Maine tribes hope new task force will give them real sovereignty

A birch bark canoe crafted by the Penobscot tribe made from one birch tree's otter bark.

By Ramona du Houx

On Tuesday January 14, 2020 the Maine Indian Claims Task Force (MICTF) will give their findings to the Maine Judiciary Committee about the lack of sovereignty tribal societies have in Maine.

“We are not asking permission to be sovereign; we are guiding the process towards having that sovereignty recognized. It may be tedious at times but I am hopeful it is worth it,” Penobscot Nation Tribal Ambassador Maulian Dana wrote in a recent Facebook post. “It is this principle that will guide the Task Force’s presentation and foreseeably be reflected in the legislature.”

The MICT has been meeting since July 2019 with the purpose of reviewing the 1980 Maine Indian Land Claims Act as well as the 1991 MicMac Settlement Act to recommended reform suggestions to the legislature.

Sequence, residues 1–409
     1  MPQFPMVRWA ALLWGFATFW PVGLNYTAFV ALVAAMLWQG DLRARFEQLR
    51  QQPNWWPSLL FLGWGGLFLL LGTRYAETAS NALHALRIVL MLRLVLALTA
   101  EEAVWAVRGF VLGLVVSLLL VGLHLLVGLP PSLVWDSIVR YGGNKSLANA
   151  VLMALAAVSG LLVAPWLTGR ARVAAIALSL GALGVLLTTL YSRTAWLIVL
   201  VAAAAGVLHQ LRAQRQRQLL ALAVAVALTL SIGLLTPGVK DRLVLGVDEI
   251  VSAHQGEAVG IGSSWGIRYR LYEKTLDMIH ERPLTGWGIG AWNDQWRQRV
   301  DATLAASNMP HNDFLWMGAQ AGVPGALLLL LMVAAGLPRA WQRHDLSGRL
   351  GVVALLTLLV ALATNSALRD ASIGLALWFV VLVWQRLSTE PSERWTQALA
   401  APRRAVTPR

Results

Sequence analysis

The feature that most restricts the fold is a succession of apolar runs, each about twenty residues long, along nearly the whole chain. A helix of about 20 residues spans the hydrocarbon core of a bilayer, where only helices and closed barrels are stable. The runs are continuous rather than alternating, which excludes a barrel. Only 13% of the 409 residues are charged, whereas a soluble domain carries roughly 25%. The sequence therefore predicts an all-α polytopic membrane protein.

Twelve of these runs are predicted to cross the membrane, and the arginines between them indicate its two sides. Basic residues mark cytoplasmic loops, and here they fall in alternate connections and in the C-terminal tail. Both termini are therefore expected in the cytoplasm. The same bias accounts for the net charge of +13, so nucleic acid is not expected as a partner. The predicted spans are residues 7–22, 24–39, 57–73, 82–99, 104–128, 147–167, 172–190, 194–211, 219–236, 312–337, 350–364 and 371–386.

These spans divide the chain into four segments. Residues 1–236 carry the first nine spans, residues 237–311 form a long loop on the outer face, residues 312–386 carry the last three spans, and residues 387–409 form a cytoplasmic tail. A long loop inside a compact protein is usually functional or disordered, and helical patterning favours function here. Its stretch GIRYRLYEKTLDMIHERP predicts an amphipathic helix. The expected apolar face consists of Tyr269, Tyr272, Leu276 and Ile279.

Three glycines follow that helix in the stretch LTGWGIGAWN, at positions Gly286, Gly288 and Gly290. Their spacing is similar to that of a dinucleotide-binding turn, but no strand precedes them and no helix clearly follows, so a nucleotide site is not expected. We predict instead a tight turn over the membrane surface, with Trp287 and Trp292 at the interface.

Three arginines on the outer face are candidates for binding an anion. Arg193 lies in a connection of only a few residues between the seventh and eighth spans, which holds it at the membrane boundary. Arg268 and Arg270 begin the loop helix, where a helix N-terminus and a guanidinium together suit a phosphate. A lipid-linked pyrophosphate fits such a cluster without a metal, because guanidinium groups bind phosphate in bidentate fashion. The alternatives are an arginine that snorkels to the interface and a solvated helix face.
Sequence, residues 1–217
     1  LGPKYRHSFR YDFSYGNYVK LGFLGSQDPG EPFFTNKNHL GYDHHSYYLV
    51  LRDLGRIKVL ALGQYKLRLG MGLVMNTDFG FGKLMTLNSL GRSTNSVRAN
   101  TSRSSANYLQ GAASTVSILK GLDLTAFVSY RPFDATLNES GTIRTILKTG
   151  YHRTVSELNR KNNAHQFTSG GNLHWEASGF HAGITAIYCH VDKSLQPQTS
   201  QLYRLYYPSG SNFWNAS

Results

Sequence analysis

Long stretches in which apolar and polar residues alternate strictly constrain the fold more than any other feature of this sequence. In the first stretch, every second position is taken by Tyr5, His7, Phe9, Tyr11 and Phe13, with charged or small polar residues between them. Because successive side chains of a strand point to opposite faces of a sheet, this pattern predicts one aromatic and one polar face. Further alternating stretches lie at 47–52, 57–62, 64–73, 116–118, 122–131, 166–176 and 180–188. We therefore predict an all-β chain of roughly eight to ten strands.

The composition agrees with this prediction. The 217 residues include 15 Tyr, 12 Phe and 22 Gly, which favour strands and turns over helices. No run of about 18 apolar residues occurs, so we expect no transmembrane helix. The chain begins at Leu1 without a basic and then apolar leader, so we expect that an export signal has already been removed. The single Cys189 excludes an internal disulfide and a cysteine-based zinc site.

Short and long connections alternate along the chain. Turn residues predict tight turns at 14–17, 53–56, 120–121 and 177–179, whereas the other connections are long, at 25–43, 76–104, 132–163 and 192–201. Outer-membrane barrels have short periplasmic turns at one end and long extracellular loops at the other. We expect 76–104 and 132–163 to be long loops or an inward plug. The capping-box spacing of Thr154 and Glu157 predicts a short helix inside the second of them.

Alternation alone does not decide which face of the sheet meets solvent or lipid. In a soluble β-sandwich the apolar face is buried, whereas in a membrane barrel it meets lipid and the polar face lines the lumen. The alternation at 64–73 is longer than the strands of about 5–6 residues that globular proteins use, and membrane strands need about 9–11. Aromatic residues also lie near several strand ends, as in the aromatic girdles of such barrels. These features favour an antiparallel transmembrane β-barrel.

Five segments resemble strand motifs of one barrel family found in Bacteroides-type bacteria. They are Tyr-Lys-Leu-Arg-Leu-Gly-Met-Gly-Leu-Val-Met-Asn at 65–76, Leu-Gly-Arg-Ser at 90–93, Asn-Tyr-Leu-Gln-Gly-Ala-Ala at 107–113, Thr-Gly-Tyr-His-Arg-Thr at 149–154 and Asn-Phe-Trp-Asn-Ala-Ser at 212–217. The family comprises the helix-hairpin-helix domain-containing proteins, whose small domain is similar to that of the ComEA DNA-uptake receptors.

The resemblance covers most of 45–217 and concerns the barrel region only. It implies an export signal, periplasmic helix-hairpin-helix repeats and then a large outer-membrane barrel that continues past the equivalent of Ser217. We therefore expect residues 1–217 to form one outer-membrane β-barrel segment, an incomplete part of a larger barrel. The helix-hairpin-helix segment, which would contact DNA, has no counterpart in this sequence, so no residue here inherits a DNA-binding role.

Under the 1980 agreement, the Penobscot, Passamaquoddy and Maliseet tribes were given $81.5 million dollars from the US Government in exchange for ending future land claims against the state. The tribes used most of the settlement to reclaim over 300,000 acres of land that had been stolen by settlers. They argue that the agreement brokered with Sen. Muskie during the Carter administration has stifled native communities economically and spurred new conflicts.

Progress over the years has been made because of the Maine Indian Claims Settlement Act, when the Great Pond Task Force changed policies on water-related issues including aquatic territory, drinking water concerns, and watercraft regulations in 1998, with the King administration.

In 2008 under the Baldacci administration, the Tribal State Work Group was able to expand the membership of the Maine Indian Tribal State Commission under law in a bid for greater sovereignty.

But there are many who argue not enough has changed. “I think that the Land Claims Settlement is a stagnant document that doesn’t move in real time with the progress and the uptick in activity of tribal documents and what we can do,” said Penobscot Chief Kirk Frances last summer when talks began.

Since 1980, 43 acts have been passed to clarify and expand the Settlement Act under the guidance of multiple task forces.

Art work by former tribal Chief Barry Dana. Maine tribal art is only begining to gain recognition.